Trindai de Laiden, Imperial Colonel in the forces of Keen, rode along the track. He was disguised as a lowly mercenary escort captain but he'd experienced worse missions.
Harbend de Garak's interfering with how to organize the escort a few days earlier had played right into his hands and now Trindai was in command of two full squadrons of crack troops. Berdaler and Terwin were able enough to command each of them independently, thank all gods for small favors. With the addition of a company's strength of half-assed thugs acting out a sorry excuse for a military unit he'd need to spend most of his time helping Captain Weinak keeping her men in line. That required manipulating her so he didn't seem to be usurping her direct command.
Bastards own luck, he thought, I throw away a good third of my pay to escape a darkness cursed office command with a fancy title attached to it. Now I have a whore son's load of paperwork dropped in my lap out in the wilderness instead.
He sighed and spat. One captain and two lieutenants, neither of whom would ever have been entrusted an officers responsibility in Keen, to command a full company headed for dispersed duty. That would need reorganizing.
He'd been ordered here to command half that number. However, with a major and two captains for each of his squadrons, not to mention the lieutenant and two noncommissioned officers handling every half squadron, he had ten times the command capacity available. A necessity for a mission where they had to cover grounds normally assigned to a regiment.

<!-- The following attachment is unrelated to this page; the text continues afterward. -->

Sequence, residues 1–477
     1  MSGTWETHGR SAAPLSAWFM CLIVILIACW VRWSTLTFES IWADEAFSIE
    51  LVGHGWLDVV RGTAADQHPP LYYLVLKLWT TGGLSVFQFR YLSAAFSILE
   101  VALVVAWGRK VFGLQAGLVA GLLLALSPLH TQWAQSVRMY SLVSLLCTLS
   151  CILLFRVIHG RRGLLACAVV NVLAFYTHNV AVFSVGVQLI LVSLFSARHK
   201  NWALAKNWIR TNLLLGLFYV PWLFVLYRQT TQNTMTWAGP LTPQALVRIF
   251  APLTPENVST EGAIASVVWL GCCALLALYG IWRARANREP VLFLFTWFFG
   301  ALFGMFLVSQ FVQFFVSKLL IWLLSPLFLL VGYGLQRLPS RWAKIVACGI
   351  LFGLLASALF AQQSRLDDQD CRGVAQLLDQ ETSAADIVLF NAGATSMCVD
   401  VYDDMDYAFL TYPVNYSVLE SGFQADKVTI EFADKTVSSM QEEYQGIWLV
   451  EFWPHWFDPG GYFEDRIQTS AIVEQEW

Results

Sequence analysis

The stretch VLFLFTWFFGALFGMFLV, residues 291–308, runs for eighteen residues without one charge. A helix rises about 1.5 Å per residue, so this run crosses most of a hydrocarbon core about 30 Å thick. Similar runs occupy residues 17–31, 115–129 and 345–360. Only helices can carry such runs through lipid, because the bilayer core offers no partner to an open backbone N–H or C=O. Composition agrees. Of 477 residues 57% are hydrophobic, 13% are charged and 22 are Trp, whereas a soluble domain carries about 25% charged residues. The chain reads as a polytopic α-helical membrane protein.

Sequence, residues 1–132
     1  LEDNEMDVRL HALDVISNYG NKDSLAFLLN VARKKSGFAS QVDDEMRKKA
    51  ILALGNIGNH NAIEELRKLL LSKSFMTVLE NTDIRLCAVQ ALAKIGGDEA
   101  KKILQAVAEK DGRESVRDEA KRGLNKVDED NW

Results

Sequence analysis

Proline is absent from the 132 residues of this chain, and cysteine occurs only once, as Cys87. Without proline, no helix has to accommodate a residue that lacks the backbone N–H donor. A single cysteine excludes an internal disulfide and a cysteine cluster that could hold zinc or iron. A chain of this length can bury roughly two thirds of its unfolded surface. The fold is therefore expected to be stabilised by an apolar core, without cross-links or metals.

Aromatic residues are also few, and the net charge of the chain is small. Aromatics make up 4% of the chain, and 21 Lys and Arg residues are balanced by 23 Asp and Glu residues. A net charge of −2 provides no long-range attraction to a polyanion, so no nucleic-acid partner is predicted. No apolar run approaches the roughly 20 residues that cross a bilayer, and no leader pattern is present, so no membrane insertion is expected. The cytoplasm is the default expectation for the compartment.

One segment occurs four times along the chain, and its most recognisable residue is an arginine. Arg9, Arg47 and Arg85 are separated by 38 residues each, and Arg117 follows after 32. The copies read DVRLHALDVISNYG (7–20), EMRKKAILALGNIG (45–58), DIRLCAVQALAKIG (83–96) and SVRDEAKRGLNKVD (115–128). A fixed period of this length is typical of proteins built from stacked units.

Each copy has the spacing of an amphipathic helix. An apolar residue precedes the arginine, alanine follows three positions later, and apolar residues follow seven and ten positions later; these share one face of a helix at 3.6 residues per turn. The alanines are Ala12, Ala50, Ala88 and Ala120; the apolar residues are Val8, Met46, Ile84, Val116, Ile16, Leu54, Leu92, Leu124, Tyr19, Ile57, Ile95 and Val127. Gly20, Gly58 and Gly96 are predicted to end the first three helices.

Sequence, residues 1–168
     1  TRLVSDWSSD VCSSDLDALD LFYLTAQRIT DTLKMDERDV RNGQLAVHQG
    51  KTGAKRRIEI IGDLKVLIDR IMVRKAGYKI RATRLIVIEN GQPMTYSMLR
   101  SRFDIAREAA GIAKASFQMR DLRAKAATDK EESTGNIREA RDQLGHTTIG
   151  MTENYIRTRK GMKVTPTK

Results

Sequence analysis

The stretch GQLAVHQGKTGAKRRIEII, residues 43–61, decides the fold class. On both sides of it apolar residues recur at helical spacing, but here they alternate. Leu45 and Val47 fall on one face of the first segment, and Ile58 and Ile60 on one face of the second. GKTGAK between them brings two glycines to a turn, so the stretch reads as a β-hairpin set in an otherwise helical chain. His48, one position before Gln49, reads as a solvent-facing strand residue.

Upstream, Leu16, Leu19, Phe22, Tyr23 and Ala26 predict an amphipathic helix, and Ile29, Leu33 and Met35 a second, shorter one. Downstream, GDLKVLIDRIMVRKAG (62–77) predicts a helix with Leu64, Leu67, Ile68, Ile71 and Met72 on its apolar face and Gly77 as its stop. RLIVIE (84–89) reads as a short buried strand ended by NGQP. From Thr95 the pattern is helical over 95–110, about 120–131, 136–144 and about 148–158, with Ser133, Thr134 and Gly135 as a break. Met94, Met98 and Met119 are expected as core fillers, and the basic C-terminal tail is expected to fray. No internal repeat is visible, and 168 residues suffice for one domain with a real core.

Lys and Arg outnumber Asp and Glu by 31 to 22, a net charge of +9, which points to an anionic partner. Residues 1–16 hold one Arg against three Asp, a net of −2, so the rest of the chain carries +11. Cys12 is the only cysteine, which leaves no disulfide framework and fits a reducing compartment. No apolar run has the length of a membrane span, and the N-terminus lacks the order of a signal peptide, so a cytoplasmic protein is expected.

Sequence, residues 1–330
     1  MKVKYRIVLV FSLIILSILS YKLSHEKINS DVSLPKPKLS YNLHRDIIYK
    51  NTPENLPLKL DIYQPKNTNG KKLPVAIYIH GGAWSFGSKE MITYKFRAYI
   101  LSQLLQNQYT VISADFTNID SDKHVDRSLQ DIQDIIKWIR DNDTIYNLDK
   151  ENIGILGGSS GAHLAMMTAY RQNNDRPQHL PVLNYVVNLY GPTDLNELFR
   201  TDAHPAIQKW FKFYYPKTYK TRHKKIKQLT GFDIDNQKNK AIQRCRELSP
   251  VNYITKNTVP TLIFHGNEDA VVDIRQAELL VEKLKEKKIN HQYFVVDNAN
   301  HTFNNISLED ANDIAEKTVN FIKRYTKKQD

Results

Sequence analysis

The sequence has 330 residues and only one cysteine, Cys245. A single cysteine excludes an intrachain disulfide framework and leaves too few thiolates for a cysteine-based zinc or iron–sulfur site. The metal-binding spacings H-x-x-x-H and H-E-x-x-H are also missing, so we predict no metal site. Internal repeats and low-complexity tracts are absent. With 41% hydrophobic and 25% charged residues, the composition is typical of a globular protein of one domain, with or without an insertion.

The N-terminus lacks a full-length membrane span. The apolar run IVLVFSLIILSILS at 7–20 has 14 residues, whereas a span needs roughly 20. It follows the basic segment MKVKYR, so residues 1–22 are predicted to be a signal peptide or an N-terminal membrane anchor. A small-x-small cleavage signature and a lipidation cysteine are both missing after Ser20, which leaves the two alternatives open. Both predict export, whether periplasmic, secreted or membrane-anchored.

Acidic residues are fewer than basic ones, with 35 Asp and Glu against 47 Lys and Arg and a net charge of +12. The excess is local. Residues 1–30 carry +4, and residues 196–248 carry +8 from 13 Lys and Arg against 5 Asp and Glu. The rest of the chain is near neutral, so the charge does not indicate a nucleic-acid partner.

Trindai led his horse along the track musing over his bad luck. A full company of heavy cavalry and almost no remounts. Out here in the cold mountains he'd hoped for more than the half cooked brain who'd come up with the idiocy of parading out into the middle of nowhere with short lances and arbalests without as much as a thought to the realities of warfare. Well, it couldn't be helped.
At least Captain Weinak seemed competent enough. She'd done better in Keen, assigned a proper command instead of the band of thugs in uniforms she'd brought. He'd help her by arranging training missions as soon as they were on the plains. Berdaler and Terwin would have to explain the real reason for those sessions to the men, but they'd complain anyway. Darkness! He'd have complained if forced to excessively tire the horses on stupid exercises every day when even a half trained recruit could see that resting made more sense.
He spat again and mounted.
The trees grew denser around them here, and with his mind off longterm planning Trindai could afford to share the discomfort his men had given voice to earlier. Something was out there prowling the caravan. He commanded some of the best scouts this side of Kastari and relied fully in their ability to give him correct information. Darkness would fall soon, and they were still far from ready to make camp. It didn't matter any longer. They'd have to make do on the trail. Driving the wagons after nightfall was too dangerous.
He disliked forests. Too many places to hide in. As if to prove him right, a shadow of something moved between the trunks. He tried to get a better look and then he identified the lurkers.
Trindai dropped from his horse and rolled on the ground. Soldiers followed his example, and with a coordination taking years of training and hard won experience they met the attack. Trindai backed away and began counting the creatures. Twenty, at least. Dragonlings, not as intelligent as their brethren raiding the coasts, but just as fierce.